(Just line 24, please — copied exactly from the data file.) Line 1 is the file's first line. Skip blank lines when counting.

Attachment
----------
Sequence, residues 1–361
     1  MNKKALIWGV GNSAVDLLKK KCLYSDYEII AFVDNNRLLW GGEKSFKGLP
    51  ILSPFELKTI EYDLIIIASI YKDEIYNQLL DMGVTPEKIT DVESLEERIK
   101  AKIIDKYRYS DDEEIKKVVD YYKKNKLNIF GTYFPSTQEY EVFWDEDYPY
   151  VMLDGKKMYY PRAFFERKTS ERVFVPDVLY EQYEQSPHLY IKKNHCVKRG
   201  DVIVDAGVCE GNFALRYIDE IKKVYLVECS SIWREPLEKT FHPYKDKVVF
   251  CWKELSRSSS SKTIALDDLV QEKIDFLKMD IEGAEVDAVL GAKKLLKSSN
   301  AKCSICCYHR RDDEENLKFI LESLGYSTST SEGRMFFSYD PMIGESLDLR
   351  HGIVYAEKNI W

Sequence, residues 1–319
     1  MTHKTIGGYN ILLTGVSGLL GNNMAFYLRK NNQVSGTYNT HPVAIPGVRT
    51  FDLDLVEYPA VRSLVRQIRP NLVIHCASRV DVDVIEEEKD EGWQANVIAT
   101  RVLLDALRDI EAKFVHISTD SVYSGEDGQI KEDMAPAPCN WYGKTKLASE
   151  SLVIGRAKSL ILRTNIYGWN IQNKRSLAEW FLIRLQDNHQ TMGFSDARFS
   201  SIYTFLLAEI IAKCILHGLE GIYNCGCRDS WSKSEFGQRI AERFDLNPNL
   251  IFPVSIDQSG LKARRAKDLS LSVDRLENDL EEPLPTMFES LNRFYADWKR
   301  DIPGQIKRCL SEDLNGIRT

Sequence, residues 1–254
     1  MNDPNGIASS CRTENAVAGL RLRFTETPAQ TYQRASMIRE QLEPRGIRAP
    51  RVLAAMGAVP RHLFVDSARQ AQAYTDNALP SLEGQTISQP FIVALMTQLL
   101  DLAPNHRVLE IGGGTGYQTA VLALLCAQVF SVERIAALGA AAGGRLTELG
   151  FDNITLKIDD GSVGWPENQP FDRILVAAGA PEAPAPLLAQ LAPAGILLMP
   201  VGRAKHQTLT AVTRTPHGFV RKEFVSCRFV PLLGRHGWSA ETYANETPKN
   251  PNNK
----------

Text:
   251  PNNK